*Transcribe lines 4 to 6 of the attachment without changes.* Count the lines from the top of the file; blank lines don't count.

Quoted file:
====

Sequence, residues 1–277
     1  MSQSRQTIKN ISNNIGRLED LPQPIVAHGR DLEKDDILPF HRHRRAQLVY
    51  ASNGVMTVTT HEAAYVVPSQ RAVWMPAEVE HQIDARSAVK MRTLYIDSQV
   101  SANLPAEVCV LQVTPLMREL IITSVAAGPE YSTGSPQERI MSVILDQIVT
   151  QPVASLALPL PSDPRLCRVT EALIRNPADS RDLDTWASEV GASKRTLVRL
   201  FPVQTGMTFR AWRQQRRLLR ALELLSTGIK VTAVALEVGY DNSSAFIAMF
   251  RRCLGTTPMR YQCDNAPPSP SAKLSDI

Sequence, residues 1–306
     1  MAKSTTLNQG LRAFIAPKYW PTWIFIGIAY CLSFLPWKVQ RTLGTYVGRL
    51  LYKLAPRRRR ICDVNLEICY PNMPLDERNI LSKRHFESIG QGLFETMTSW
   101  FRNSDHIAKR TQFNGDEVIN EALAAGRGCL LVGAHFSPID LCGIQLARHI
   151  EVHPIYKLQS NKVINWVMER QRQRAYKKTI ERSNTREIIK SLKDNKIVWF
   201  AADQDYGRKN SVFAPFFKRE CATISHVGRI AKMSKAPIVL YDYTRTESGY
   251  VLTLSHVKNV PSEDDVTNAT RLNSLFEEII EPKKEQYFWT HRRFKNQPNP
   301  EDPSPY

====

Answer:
   101  SANLPAEVCV LQVTPLMREL IITSVAAGPE YSTGSPQERI MSVILDQIVT
   151  QPVASLALPL PSDPRLCRVT EALIRNPADS RDLDTWASEV GASKRTLVRL
   201  FPVQTGMTFR AWRQQRRLLR ALELLSTGIK VTAVALEVGY DNSSAFIAMF